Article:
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USA Oil Painting Reproduction

 
 


Painting ID::  63641
Nuremberg Woman Dressed for Church
1500 Pen and ink and watercolour on paper, 325 x 218 mm Graphische Sammlung Albertina, Vienna D?rer, who seems to have dressed well himself, was always interested in depicting clothing and he produced some of the earliest known costume studies in European art. This is one of a set of four costume studies of Nuremberg women, two of them in dancing dresses and one in everyday attire. The artist's wife Agnes; then in her mid-twenties, was probably the model. The watercolour is inscribed: `This is how people dress for church in Nuremberg' along with the text `Think of me in Thy Realm'. Dressed in her best clothes for church, the demure young woman wears a red cloak with a green lining and beneath this is a blue-green dress fringed with white fur. She has a starched linen headdress. Her eyes look down at the ground, in a contemplative pose. Four years later D?rer used this study in his woodcut of the Marriage of the Virgin. The Nuremberg woman appears at the right of the print, in reverse, as one of the seven virgins who were Mary's companions.Artist:D?RER, Albrecht Title: Nuremberg Woman Dressed for Church Painted in 1501-1550 , German - - graphics : other

Albrecht Durer Nuremberg Woman Dressed for Church oil painting reproduction


   
 

 

 
   
      

Albrecht Durer
b.May 21, 1471, Imperial Free City of Nernberg [Germany] d.April 6, 1528, Nernberg Albrecht Durer (May 21, 1471 ?C April 6, 1528) was a German painter, printmaker and theorist from Nuremberg. His still-famous works include the Apocalypse woodcuts, Knight, Death, and the Devil (1513), Saint Jerome in his Study (1514) and Melencolia I (1514), which has been the subject of extensive analysis and interpretation. His watercolours mark him as one of the first European landscape artists, while his ambitious woodcuts revolutionized the potential of that medium. D??rer introduction of classical motifs into Northern art, through his knowledge of Italian artists and German humanists, have secured his reputation as one of the most important figures of the Northern Renaissance. This is reinforced by his theoretical treatise which involve principles of mathematics, perspective and ideal proportions. His prints established his reputation across Europe when he was still in his twenties, and he has been conventionally regarded as the greatest artist of the Renaissance in Northern Europe ever since.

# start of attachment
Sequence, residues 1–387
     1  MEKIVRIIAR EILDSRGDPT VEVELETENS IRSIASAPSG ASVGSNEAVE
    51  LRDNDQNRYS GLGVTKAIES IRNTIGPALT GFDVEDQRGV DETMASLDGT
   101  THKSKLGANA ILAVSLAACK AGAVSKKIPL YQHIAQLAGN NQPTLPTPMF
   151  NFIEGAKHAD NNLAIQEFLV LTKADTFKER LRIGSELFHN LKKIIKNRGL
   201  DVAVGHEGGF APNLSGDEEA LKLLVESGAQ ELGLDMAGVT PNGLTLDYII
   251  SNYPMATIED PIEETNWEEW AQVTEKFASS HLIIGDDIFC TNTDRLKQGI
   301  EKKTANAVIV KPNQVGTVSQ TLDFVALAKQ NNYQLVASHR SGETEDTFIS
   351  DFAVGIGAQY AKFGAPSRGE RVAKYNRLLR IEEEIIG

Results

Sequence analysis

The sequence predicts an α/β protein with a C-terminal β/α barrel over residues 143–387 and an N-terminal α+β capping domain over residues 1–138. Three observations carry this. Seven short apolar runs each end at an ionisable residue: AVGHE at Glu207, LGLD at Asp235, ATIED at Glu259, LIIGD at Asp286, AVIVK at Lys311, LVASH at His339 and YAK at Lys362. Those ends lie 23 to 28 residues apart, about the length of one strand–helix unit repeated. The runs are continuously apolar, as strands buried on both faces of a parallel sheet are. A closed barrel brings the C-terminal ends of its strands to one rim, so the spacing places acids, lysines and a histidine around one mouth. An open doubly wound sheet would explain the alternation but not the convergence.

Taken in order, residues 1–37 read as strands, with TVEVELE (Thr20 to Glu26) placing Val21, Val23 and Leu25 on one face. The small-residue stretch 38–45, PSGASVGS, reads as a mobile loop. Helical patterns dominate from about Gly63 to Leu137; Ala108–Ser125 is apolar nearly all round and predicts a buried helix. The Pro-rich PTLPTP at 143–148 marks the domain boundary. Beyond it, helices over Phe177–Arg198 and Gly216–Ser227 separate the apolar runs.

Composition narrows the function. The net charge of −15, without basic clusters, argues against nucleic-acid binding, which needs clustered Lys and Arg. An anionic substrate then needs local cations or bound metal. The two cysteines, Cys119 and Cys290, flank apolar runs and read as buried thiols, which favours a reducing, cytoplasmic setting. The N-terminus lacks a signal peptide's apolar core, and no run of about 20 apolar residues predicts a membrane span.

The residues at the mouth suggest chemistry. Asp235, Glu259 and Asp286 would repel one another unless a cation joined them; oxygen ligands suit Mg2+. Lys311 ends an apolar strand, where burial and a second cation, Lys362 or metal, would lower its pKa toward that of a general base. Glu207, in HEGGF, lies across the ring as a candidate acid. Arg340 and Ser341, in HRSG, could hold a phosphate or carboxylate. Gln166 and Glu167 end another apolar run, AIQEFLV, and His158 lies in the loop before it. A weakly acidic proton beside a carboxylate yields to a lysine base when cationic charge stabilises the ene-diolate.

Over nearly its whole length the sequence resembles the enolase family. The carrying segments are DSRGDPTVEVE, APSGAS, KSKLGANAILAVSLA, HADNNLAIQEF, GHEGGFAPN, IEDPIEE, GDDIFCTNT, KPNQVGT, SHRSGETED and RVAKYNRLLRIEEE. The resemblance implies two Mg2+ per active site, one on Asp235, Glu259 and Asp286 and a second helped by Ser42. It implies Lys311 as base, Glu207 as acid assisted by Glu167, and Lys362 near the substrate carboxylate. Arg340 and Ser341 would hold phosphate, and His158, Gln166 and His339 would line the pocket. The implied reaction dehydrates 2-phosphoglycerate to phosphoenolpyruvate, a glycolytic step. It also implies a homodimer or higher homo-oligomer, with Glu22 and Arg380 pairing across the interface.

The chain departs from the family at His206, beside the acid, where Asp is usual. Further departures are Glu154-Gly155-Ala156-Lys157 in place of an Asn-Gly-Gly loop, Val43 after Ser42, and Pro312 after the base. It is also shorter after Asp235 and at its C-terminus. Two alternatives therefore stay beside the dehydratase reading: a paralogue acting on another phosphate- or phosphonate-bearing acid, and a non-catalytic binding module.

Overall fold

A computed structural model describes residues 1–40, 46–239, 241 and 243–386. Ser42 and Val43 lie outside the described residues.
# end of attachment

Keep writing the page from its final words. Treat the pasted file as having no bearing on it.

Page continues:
Nuremberg Woman Dressed for Church
1500 Pen and ink and watercolour on paper, 325 x 218 mm Graphische Sammlung Albertina, Vienna D?rer, who seems to have dressed well himself, was always interested in depicting clothing and he produced some of the earliest known costume studies in European art. This is one of a set of four costume studies of Nuremberg women, two of them in dancing dresses and one in everyday attire. The artist's wife Agnes; then in her mid-twenties, was probably the model. The watercolour is inscribed: `This is how people dress for church in Nuremberg' along with the text `Think of me in Thy Realm'. Dressed in her best clothes for church, the demure young woman wears a red cloak with a green lining and beneath this is a blue-green dress fringed with white fur. She has a starched linen headdress. Her eyes look down at the ground, in a contemplative pose. Four years later D?rer used this study in his woodcut of the Marriage of the Virgin. The Nuremberg woman appears at the right of the print, in reverse, as one of the seven virgins who were Mary's companions.Artist:D?RER, Albrecht Title: Nuremberg Woman Dressed for Church Painted in 1501-1550 , German - - graphics : other

Related Paintings::.
| Christ in Glory afg | Interior of the Oude Kerk, Delft | Vertumnus and Pomona |


        
 
   
 

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